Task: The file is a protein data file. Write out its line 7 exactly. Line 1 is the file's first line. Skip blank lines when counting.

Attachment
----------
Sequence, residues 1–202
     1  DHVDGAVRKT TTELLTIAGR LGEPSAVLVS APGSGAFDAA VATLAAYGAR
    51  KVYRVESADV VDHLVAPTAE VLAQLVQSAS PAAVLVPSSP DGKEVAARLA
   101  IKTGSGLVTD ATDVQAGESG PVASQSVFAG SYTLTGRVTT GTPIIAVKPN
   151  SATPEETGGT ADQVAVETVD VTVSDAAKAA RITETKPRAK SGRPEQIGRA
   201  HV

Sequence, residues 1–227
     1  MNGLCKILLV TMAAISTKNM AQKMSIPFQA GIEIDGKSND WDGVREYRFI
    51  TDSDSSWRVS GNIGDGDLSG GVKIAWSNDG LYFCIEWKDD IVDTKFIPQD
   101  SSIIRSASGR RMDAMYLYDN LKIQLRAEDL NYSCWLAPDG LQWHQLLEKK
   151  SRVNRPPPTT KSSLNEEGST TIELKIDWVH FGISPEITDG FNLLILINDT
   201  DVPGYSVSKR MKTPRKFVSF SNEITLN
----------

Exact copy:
Sequence, residues 1–227